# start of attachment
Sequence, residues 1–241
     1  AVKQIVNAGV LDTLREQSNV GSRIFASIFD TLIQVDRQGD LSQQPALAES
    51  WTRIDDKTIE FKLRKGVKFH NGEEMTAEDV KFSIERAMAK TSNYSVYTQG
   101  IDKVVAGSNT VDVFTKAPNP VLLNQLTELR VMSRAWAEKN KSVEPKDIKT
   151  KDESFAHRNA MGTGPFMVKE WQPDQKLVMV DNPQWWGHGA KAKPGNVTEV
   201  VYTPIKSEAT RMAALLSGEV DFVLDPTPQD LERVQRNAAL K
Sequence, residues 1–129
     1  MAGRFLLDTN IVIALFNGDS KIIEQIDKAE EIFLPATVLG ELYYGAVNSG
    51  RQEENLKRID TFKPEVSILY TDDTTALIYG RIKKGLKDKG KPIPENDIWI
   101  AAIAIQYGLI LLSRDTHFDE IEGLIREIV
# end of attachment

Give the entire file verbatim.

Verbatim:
Sequence, residues 1–241
     1  AVKQIVNAGV LDTLREQSNV GSRIFASIFD TLIQVDRQGD LSQQPALAES
    51  WTRIDDKTIE FKLRKGVKFH NGEEMTAEDV KFSIERAMAK TSNYSVYTQG
   101  IDKVVAGSNT VDVFTKAPNP VLLNQLTELR VMSRAWAEKN KSVEPKDIKT
   151  KDESFAHRNA MGTGPFMVKE WQPDQKLVMV DNPQWWGHGA KAKPGNVTEV
   201  VYTPIKSEAT RMAALLSGEV DFVLDPTPQD LERVQRNAAL K
Sequence, residues 1–129
     1  MAGRFLLDTN IVIALFNGDS KIIEQIDKAE EIFLPATVLG ELYYGAVNSG
    51  RQEENLKRID TFKPEVSILY TDDTTALIYG RIKKGLKDKG KPIPENDIWI
   101  AAIAIQYGLI LLSRDTHFDE IEGLIREIV